Mar 4 2014, 6:43pm CST | by Forbes
In June of 2012, Washington State privatized its government-run liquor system, allowing the sale of distilled spirits in licensed private stores. The decision was part of a growing movement among states to undo legislation first crafted on the heels of the repeal of Prohibition in 1933 that sought to control and restrict alcohol sales as much as possible.
As such, Washington State has become a test case for other states debating privatization, namely Virginia, Pennsylvania, and neighboring Oregon. One focus is on whether privatization has had positive, negative, or no effect at all on such indicators of social welfare as youth consumption, drunk driving, and alcohol related emergency room visits.
Emergency room visits in Washington went up “significantly,” thefts from liquor stores saw a “dramatic increase” (especially by youths), drinking not only was seen as more acceptable among kids high school age and younger but more 12th graders said, in a survey, that alcohol was easier to get.
The study authors allege that Washington State has turned into a veritable gin lane, a wasted state. The implication: Why would any reasonable person want the same fate for Oregon?
But, as it turns out, the study was less a study–as in something published in a peer review journal– than a PowerPoint presentation of preliminary data by long-term opponents of privatization and members of organizations that have a vested interest in preventing privatization, such as the National Alcohol Beverage Control Association and the Washington Liquor Control Board.
And some of that preliminary data seem to show the heavy hand of their bias. The authors argue, for example, that privatization has increased access to alcohol, yet seem unaware that almost all of the private outlets (grocery stores primarily) that started to sell spirits after privatization were previously selling beer and wine, which of course are alcohol products.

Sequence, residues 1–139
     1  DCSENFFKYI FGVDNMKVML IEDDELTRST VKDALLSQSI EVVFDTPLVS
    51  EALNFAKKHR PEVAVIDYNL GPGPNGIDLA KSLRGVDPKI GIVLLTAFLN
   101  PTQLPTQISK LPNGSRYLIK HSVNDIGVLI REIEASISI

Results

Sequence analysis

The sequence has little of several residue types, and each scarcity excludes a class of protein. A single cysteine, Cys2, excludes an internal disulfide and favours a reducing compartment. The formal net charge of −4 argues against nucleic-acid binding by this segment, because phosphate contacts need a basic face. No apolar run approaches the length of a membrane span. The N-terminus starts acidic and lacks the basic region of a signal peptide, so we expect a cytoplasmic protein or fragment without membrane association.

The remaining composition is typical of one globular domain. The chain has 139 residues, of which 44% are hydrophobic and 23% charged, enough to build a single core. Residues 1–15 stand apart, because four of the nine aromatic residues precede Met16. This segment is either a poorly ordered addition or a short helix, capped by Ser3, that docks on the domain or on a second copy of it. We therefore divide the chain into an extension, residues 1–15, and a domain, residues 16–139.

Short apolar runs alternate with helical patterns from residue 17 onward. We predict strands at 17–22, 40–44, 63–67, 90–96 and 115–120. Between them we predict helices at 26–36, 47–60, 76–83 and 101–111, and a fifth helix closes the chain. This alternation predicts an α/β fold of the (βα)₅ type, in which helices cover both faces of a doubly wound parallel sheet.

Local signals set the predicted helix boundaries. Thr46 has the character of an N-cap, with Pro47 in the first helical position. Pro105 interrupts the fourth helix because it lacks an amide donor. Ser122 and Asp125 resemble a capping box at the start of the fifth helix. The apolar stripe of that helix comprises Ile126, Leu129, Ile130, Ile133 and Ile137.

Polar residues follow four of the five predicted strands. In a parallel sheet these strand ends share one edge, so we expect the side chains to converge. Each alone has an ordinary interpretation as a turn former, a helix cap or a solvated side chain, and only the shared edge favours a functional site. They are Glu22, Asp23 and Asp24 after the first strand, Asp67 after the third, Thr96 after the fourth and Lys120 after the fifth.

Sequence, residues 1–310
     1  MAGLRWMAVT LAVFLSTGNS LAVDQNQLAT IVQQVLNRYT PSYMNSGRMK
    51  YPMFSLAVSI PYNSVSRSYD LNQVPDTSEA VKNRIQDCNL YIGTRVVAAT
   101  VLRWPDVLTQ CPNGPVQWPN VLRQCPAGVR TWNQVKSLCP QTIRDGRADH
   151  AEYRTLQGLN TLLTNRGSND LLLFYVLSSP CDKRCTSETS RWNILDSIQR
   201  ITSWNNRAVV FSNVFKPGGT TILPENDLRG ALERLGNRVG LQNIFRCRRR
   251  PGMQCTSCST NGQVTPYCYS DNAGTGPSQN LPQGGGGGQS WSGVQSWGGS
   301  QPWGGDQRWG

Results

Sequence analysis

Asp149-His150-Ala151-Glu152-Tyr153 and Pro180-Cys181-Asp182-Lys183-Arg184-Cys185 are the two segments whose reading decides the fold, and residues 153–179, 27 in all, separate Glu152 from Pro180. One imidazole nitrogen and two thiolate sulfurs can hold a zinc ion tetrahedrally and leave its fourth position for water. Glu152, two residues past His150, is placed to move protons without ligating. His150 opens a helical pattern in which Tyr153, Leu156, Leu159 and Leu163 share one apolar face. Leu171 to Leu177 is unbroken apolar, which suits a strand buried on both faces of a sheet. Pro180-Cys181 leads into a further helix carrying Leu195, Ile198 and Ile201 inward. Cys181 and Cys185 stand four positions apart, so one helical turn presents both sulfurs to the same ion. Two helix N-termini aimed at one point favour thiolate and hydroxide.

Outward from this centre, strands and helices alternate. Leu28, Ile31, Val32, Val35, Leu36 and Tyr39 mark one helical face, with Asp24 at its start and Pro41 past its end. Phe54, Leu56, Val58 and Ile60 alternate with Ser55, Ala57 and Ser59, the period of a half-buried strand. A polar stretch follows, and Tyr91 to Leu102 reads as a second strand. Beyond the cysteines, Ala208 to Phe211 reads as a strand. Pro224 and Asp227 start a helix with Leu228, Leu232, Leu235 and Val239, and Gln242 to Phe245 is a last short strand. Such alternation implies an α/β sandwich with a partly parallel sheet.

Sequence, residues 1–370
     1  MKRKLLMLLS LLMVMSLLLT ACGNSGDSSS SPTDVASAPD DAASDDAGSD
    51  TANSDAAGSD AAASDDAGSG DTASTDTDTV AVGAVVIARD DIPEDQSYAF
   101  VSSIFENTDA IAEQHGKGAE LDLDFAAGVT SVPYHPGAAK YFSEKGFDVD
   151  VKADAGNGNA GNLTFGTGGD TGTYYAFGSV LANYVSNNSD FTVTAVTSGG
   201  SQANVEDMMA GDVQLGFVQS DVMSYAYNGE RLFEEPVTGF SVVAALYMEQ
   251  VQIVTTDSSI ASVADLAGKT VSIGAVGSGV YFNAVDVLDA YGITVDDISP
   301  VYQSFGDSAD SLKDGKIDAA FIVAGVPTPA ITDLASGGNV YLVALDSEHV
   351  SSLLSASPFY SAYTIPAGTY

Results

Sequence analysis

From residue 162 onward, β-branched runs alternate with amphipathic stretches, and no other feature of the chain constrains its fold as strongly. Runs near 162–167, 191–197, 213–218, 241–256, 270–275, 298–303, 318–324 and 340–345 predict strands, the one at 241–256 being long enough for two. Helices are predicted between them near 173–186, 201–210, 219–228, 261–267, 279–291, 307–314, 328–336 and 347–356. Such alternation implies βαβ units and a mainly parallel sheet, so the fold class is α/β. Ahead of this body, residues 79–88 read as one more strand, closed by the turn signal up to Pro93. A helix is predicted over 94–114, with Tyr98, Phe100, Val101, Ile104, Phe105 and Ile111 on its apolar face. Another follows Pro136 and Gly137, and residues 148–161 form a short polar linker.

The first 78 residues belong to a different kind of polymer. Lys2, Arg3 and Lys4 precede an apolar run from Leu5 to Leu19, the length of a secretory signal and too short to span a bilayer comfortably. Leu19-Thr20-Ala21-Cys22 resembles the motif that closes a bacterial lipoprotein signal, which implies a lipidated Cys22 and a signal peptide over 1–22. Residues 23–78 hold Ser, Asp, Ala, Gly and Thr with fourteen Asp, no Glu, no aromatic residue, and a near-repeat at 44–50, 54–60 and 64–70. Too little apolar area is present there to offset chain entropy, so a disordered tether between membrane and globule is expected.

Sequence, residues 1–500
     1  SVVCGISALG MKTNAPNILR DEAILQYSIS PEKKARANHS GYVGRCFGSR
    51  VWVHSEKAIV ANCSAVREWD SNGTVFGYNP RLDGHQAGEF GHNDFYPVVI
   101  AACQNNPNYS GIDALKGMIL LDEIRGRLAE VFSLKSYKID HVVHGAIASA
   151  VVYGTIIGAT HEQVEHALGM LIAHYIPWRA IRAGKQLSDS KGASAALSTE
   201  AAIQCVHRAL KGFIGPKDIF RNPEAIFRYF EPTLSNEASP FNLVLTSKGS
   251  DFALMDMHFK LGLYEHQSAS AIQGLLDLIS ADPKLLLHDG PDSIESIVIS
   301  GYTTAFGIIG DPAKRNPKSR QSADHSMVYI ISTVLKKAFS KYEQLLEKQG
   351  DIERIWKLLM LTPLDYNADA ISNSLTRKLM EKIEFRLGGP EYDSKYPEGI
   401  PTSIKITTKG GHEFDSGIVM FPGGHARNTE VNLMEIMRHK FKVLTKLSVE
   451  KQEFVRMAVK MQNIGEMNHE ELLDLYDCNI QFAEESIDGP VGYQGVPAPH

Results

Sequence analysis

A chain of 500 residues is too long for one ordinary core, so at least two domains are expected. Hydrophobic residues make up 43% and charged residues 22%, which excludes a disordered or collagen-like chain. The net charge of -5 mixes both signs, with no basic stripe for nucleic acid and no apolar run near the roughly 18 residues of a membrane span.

Furthermore, the authors note that 18 percent of state/contract stores (which used to have the monopoly on selling liquor), went out of business. So while the number of outlets that sold liquor increased overall (by stocking liquor next to its brethren adult-beverages wine and beer), the overall number of outlets selling alcohol beverages of any kind decreased.
The most troubling aspect of the “study” is the Washington Health Youth Survey data the authors use to claim that there were significant increases in “pro-alcohol” attitudes and an increase in alcohol access among youth. The data the study cited sounded like a canary in the coal mine–an early warning about the negative effect of privatization. But the authors were highly selective in highlighting the survey’s findings. Consider that the Washington Health Youth Survey also found that:
In other words, the preponderance of data on the effects of privatization on Washington State suggests the exact opposite of the meaning conveyed by the Oregonian. In fact, one could–using the same logic as the paper–conclude that privatization had driven down all forms of teenage drinking and that critical attitudes toward alcohol continued to grow among teens even as availability of liquor increased. Of course, we should be careful of making these kinds of correlations in either direction.
Another negative social indicator– fatal crashes involving drivers that were drinking–has, according to Washington Traffic Safety commission, continued to trend downward and is at a historic low–having gone from 184 in the quarter prior to privatization to 145, 18 months later (the third quarter of 2013).
The cherry picking on these issues also raises questions over how significantly emergency room visits went up after privatization and it is impossible to check the validity of the data the authors cite from the reference given in their PowerPoint.
But the larger issue is if privatization was disastrous for Washington State, how do you explain away all this inconvenient data? The Oregonian’s anxieties about alcohol are a reminder that the topic of alcohol availability has the ability to cloud journalistic minds, even when there is an abundance of clear, accessible fact.
Source: Forbes Business
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